Few societies have undergone as rapid changes as the People’s Republic of China. In a mere half-century China has radically transformed itself several times—from Mao’ Cultural Revolution to the Great Leap Forward to the rapid shift to an export-focused, quasi-capitalist economy and an ascending consumer society.
Until the 1980s, mass media was completely under government control. But as China began opening up, advertisements slowly appeared.
Xin Zhao watched the transformation growing up in the People’s Republic of China. Now he conducts research on how these advertisements shaped Chinese society and reflect conditions of the time as an assistant professor of international marketing in the University of Hawai’i at Mānoa’s Shidler College of Business.
In ads from the early 1980s, Zhao found that advertisers commonly used easily recognizable symbols of the Communist regime and propaganda icons of Chinese Communist ideology to promote consumption and confer implied government approval of the businesses featured.
Government approval was particularly important. After decades of being told that consumption was bad for China, consumers were reluctant to spend money on anything but basic goods and services, he explains.
“People were afraid to show off their wealth back in the early 1980s. When the Chinese government tried to throw a party for entrepreneurs who had become rich, no one was willing to come,” he says.
Not surprisingly, many Chinese advertisements from that period resembled Communist propaganda posters, with specific words and characters lifted from key government edicts.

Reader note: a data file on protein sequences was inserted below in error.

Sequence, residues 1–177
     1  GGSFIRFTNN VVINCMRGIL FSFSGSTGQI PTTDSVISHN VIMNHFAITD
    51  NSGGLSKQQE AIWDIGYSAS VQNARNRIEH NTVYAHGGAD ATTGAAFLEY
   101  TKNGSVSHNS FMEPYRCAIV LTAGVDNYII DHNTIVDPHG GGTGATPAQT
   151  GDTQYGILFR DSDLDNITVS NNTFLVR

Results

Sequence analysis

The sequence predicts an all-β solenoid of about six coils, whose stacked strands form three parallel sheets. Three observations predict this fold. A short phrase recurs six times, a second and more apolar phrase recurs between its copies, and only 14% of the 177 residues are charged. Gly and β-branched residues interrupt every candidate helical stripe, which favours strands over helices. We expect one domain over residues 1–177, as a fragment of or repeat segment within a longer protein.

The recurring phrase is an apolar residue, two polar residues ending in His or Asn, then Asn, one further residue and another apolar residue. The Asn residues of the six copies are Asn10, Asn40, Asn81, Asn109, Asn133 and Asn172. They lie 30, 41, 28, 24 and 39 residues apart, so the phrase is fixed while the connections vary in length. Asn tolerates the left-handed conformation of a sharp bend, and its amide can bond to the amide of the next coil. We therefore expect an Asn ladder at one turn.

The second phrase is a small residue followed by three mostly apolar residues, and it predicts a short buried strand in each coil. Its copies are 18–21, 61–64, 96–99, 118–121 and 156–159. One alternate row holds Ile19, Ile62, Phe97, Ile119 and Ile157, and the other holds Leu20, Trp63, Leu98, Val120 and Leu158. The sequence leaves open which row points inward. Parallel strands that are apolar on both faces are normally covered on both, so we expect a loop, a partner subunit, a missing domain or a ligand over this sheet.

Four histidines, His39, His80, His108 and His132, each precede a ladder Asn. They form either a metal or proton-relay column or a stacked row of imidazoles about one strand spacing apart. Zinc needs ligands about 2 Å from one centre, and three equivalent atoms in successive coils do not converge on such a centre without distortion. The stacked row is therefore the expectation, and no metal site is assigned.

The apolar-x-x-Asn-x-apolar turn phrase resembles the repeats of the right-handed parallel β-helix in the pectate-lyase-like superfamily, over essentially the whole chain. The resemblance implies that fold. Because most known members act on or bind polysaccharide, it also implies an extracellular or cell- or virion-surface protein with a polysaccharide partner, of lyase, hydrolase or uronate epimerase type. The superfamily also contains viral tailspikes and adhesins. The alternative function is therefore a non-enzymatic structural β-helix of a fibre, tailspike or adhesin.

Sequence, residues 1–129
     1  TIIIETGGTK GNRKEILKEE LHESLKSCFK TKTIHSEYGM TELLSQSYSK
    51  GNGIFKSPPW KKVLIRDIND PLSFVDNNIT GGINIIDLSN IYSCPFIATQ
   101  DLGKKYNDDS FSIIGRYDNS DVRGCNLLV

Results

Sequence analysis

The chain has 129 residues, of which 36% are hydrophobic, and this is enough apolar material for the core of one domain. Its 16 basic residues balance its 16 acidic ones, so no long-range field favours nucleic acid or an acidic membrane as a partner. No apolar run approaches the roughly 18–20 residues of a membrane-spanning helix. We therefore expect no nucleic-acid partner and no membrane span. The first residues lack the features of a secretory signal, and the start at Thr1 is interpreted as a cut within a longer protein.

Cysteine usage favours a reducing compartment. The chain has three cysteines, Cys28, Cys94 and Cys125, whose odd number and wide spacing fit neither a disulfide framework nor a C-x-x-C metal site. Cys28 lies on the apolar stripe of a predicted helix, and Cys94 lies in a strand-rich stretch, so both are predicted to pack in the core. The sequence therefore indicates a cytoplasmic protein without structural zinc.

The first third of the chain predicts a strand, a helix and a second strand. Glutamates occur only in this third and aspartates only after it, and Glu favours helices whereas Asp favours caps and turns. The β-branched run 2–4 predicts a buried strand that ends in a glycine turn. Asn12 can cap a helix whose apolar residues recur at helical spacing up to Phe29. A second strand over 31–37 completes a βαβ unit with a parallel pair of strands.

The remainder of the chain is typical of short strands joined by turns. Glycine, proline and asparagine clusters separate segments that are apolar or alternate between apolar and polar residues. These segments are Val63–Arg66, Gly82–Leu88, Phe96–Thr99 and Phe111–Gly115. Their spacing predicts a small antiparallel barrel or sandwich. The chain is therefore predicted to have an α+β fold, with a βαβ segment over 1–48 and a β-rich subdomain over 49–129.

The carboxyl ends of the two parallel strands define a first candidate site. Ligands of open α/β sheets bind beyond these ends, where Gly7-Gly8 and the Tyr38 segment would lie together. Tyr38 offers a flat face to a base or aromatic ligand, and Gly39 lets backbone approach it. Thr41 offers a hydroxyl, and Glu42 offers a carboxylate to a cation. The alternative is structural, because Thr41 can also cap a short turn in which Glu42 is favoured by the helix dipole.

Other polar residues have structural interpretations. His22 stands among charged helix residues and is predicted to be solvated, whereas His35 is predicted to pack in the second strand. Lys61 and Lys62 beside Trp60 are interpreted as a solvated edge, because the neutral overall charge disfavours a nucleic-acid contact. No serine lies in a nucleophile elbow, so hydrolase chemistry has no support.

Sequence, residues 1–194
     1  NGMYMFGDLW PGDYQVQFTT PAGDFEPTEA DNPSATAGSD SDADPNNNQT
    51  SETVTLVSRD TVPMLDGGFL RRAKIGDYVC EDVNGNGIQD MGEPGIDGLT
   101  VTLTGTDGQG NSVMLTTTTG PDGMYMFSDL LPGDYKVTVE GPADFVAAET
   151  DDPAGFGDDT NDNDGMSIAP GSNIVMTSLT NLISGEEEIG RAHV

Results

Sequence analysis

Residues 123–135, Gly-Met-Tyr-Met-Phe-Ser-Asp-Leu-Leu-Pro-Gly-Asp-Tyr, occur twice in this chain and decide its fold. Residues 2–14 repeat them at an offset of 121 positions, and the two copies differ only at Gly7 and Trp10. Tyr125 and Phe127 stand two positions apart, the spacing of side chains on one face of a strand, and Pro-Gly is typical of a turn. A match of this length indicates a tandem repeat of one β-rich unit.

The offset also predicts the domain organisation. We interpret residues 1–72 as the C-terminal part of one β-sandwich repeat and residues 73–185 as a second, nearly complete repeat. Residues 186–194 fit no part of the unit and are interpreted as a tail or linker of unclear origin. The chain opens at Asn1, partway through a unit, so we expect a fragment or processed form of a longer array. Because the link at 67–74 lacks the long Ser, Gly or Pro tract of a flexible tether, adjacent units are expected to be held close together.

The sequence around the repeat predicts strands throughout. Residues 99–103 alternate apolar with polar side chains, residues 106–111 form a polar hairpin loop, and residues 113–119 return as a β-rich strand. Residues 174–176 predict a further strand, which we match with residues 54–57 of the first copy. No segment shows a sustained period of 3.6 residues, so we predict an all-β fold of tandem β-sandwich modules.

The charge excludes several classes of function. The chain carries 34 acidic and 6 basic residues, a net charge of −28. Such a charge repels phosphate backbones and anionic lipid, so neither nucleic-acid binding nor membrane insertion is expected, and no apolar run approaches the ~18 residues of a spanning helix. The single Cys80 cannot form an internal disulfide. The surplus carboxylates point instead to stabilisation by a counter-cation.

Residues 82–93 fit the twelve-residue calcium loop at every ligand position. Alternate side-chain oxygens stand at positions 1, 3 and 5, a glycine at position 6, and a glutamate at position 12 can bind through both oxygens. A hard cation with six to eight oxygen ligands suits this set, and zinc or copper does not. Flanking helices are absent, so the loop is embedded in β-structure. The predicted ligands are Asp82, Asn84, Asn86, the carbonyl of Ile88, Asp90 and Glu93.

“Advertisements were closely monitored by the government propaganda office and were often censored. So most advertisers specifically acknowledged their support of governmental campaigns, even when such campaigns were anticonsumption in nature,” Zhao says.
As Chinese society opened up in the 1990s, the government explicitly promoted consumption in order to maintain rapid economic growth. Although nationalism was still prominent in Chinese advertising, advertisers no longer felt compelled to strike political chords and instead played to China’s rising consumerist culture.
Today in China, advertising is omnipresent, with spots running in elevators, at shopping malls and on the sides of buildings. The ads are rarely associated with politics.
Ironically, the consumerist culture in part brought about by the ads has significantly changed Chinese social customs, even funerals. Zhao explains: “Funerals used to be very simple events. Now, people buy full-size paper replicas of cell phones, refrigerators, television sets, even BMW motorcycles to be burned at funerals to make sure the deceased have nice possessions in the afterlife.”
Reprinted from Kaunānā.